Keeping Friends and Colleagues Safer

Command Your Kids, But …

Unfortunately, as a martial artist, you can’t treat all companions equally.  This is where the adage of different strokes for different folks really comes into play.

It may be okay to bark commands to your children in an emergency situation, but you can’t do that to colleagues … or worse, your boss, when and if a self-defense emergency arises.

You have to have a special way to communicate with the people you work with. Most people will also have to treat their friends with the same kid gloves as you do folks in the workplace.

Egos and job hierarchies can get in the way of necessary communication, which can pose a big problem.

This article shows you one effective way of taking control without ruffling feathers.

You’re the Only Martial Artist In The Equation

First, and foremost, I’m going to assume that you’re the only real martial artist in the situation.

While this might be true, lots of people think they can handle any situation. Others doubt they can handle it, but feel that their egos necessitate them handling any altercation.

Any of these step forward feeling by your companion could get in the way of you protecting the both of you. (On the other hand, it could make your life easy; just stand back and watch the show … so to speak.)

For the sake of argument, let’s say that you are a martial artist, well trained in practical application self-defense. While it might be amusing for a moment, this could be a serious altercation … nothing to joke about.

If your companion can’t help you … then you need him or her out of the way, so you can … “do your stuff.”

The One Question to Avoid All Ego and Communication Problems

For me, the absolutely easiest way to “take over” in a time of crisis is simply to ask, “Want me to handle this?”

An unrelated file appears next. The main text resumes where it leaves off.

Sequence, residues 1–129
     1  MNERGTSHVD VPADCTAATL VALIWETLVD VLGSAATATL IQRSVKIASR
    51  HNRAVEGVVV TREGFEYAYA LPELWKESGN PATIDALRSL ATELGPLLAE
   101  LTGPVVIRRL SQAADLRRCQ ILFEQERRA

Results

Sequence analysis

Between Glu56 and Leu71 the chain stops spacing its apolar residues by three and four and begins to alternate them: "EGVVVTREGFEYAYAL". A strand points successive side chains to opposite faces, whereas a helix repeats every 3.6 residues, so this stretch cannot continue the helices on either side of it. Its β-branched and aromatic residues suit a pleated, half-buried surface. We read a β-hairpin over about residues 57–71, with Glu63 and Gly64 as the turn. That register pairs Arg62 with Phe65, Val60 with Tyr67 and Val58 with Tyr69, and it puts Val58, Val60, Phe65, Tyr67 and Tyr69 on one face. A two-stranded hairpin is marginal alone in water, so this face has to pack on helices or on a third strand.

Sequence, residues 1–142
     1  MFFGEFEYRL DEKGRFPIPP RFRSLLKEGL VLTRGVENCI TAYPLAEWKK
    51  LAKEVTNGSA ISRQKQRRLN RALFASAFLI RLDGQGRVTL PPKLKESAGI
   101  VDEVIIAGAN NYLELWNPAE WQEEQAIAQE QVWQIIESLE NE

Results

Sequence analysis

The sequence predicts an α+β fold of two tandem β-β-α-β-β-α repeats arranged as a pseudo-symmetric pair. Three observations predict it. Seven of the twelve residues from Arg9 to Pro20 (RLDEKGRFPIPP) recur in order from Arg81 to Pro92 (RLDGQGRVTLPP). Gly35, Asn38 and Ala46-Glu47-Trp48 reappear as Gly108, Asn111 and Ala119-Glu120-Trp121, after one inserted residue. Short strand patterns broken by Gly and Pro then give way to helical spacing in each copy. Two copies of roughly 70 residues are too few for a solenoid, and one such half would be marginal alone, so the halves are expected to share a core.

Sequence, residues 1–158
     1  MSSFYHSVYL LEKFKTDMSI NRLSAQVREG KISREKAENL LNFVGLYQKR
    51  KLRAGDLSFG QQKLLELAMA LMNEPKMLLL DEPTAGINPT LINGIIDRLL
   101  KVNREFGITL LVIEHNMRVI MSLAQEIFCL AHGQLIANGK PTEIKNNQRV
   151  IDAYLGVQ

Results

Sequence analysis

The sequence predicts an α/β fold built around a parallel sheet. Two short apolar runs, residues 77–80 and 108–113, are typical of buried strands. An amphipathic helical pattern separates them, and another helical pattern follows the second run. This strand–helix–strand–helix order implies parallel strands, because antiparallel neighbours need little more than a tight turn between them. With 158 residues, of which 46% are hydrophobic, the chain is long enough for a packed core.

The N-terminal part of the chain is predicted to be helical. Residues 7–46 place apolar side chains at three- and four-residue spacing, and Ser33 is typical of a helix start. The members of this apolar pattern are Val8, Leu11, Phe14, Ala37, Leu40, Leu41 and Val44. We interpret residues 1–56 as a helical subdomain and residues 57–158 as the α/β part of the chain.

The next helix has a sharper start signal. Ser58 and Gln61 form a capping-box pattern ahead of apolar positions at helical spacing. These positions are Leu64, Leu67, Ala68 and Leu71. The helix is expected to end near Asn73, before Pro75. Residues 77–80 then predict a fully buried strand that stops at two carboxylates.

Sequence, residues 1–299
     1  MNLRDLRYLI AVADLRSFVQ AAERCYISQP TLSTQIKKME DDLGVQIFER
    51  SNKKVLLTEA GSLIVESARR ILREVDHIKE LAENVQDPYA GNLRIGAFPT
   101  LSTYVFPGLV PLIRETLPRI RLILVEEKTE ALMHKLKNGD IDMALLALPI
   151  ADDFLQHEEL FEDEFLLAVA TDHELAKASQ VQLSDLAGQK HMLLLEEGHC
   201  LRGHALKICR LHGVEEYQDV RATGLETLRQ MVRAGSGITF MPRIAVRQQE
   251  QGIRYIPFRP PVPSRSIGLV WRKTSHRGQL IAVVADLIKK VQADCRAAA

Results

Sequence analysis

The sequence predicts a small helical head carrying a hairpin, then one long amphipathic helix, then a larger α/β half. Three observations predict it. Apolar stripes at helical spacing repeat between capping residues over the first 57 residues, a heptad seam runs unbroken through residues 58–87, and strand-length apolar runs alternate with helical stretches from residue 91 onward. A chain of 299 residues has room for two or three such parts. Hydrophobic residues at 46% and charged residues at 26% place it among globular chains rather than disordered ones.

I ask innocently with a casual, yet confident tone. I’m almost intimating that “this is nothing new for me, and I’d be happy to make your life easier by taking care of this slight annoyance.”

All of that is conveyed with my tone and attitude with the simple query of, “Would you like me to deal with this snafu?”

Now, this may or may not work for you. The key is for you to find some phrase that “let’s your companion off the hook, while allowing them the dignity of not be perceived as a panicked deer in headlights.

The More Passive Role

If some jerk starts hassling the colleague at your side, you might have to act passively, at least at first.

In these cases, you can offer to “help” or “assist.”

Of course, this offer completely kills your element of surprise to the bad guy, but it might go a long way to preserve the relationship with your fellow worker.

If you play the role of the bystander, then you could execute a sneaky move the minute he or she turns their back to you. If you offer to help your companion, no such surprise would be possible.

Mediator, Even If You’re Normally the Hothead

My last suggestion for this article is for you to become the mediator. Rather than offering to help your companion, thus informing the attacker that you are with the “victim,” you pretend that you’re a neutral party to this.

You offer to mediate and smooth things over.

I say “pretend,” because you do want to smooth things over, BUT you have the hidden agenda of favoring your friend.

In the discussion, you keep your companion safe, and should the talk go sour … you can “decide to favor the defender.”

It appears to any onlookers that you were being reasonable, but then took sides, when it became apparent that you were dealing with a jerk.

Remember, all of the above assumes that your colleague is NOT a martial artist. If he or she does happen to be as skilled as you are, then Click Here (for an article that takes advantage of this double-teaming possibility.)



You Are Super Vulnerable at Bus Stops … It’s Time to Do Something About It!

Apply these bus-stop safety tips to other areas of your life. Stay Safe …

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